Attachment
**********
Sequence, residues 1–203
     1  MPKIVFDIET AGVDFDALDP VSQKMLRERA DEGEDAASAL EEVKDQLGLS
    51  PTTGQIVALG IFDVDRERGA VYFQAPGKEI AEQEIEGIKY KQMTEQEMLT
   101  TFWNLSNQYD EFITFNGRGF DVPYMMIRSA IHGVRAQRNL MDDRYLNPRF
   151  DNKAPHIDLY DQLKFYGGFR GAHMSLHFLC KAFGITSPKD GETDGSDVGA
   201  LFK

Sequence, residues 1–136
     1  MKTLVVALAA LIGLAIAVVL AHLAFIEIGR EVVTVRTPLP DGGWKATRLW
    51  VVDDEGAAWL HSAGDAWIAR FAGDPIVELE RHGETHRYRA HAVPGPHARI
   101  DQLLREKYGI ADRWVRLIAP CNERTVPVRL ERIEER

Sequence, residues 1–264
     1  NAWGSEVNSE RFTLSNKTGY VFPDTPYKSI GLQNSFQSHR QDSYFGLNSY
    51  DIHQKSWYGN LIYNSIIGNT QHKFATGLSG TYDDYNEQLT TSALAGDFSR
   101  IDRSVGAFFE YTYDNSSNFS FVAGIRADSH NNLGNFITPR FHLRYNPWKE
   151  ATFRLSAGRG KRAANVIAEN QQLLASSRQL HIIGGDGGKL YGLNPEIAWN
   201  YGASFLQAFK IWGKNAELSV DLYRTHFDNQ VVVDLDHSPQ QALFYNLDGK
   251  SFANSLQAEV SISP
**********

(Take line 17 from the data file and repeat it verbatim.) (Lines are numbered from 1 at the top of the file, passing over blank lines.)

   251  SFANSLQAEV SISP